Tax tribunal saves academic’s pension

Posted: 8th May 2013

university style officesA freelance academic will qualify for a full state pension despite having failed to pay Class 2 national insurance contributions (NICs) for more than 20 years. Having relied upon professional accountancy advice, the man’s failure to make the required payments between 1988 and 2009 was not due to any want of due care and diligence on his part, the First-Tier Tribunal ruled.

The man had been self-employed throughout the relevant period and had properly accounted for income tax and aid Class 4 NICs. However, his accountant had failed to notify the Department of Health and Social Security – which was in 1988 responsible for collecting Class 2 NICs - of his freelance status.

The duty to collect Class 2 NICs was subsequently transferred to Her Majesty’s Revenue and Customs (HMRC). The academic was not sent customary reminders of his liability due to a flaw in HMRC records which incorrectly stated that he had been living and working abroad for many years.

The academic was ignorant of his obligation to pay Class 2 NICs until 2009 when he promptly sought to pay all the sums due in order to qualify for a full state pension. HMRC allowed six years’ worth of Class 2 NICs to be counted towards his pension, but disallowed sums that dated back further than that.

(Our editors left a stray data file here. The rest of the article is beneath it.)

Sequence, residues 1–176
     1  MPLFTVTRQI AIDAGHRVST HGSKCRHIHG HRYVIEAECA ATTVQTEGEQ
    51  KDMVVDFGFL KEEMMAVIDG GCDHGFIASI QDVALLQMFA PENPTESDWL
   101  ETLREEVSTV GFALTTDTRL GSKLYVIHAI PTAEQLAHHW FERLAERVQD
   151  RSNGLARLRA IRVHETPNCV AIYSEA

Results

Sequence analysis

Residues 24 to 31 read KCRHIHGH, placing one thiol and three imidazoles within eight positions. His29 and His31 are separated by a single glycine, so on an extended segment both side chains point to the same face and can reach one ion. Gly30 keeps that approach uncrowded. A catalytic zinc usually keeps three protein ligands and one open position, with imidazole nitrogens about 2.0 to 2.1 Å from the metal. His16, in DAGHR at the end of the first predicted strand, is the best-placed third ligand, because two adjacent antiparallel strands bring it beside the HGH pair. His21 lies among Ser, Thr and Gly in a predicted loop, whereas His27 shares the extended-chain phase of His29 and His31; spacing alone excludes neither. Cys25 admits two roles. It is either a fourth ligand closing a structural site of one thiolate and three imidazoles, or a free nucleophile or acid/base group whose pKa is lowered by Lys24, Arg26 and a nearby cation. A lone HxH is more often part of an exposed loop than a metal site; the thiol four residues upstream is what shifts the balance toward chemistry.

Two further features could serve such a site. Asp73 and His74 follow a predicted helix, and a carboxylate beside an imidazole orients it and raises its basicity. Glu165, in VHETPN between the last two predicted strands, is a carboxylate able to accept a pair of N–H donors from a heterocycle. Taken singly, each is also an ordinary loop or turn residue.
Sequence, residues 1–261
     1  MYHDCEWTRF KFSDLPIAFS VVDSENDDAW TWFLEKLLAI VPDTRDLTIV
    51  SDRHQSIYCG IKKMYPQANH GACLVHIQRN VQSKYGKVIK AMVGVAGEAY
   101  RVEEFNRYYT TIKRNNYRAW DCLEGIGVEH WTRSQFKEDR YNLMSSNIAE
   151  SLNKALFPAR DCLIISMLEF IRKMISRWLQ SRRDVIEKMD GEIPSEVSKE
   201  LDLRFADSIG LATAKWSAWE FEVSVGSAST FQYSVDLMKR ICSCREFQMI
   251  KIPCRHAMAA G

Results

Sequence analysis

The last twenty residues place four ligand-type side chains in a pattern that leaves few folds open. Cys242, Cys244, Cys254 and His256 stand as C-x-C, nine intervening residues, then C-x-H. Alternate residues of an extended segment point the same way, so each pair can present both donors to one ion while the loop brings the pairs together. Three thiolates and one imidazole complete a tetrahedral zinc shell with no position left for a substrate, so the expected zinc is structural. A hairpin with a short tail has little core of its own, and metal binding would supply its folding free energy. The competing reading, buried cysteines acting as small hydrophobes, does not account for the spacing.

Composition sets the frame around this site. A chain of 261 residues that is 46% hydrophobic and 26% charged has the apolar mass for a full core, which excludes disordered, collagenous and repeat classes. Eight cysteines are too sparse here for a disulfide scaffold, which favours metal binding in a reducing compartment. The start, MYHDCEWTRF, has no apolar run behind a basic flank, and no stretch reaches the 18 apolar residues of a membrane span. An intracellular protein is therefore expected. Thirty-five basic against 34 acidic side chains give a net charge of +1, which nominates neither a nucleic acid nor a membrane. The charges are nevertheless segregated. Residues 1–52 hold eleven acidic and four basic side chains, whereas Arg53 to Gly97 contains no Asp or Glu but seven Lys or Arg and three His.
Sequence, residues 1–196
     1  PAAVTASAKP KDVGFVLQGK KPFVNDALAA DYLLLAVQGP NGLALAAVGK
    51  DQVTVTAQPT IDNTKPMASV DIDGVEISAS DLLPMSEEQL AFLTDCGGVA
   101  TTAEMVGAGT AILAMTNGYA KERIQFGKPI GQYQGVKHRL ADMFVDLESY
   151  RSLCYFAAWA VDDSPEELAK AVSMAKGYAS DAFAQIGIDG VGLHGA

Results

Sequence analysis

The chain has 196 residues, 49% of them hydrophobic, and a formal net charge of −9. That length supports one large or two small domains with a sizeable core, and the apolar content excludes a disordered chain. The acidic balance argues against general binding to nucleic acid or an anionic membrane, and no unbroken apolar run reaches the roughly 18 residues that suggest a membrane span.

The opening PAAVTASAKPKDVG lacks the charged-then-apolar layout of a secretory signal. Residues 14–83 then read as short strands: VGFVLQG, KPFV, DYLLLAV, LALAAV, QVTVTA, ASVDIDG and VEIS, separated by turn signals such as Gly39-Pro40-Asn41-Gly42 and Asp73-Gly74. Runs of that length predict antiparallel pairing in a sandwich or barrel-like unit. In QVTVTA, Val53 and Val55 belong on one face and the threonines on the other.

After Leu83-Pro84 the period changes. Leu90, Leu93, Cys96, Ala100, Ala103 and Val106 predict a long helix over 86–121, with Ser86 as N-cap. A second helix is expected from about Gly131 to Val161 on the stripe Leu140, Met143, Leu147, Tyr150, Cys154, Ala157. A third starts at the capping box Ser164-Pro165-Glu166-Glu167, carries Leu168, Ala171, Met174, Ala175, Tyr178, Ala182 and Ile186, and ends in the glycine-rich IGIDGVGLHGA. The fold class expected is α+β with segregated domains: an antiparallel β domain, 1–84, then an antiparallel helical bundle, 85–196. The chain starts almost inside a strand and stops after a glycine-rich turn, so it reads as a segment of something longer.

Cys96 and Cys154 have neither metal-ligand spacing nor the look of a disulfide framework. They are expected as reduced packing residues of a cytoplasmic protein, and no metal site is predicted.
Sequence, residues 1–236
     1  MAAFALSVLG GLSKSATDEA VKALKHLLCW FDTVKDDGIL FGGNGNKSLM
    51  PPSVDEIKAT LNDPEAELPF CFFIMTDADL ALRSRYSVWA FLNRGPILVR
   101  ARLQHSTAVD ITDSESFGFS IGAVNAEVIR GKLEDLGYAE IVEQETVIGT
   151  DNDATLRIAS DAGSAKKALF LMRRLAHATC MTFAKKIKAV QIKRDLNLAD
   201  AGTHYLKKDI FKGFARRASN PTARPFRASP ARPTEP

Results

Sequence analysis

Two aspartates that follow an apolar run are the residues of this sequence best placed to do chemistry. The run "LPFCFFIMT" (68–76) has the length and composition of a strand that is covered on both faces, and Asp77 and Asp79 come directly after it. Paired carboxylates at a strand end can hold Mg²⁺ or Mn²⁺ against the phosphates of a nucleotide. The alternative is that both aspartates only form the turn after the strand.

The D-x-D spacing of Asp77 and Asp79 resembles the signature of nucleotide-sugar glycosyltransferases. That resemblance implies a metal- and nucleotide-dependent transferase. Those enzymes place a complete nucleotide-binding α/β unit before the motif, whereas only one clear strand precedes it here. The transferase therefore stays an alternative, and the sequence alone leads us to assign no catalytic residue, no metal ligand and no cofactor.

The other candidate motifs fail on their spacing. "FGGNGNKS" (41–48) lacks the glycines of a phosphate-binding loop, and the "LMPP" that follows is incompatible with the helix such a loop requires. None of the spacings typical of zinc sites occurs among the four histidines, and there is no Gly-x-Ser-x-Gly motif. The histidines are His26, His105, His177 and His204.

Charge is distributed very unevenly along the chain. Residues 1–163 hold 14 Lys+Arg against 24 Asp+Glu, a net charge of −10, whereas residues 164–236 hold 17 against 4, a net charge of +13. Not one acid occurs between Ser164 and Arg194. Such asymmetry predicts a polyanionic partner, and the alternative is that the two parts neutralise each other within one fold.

In allowing the academic’s appeal, the tribunal noted that he had no financial or legal expertise and had relied on the advice of a qualified accountant who had been recommended to him. He had believed that he was discharging his liabilities by paying Class 4 NICs which were much more substantial than Class 2 NICs.

Because of the admitted flaw in its records, HMRC had not made sufficient information available to the academic to alert him to his liability. He had exercised due diligence by appointing an accountant to deal with his tax affairs and his failure to pay Class 2 NICs was not due to any want of care on his part. The taxpayer had offered to catch up on his Class 2 NICs swiftly after realising his error and the tribunal ruled that they should count in their entirety towards his pension.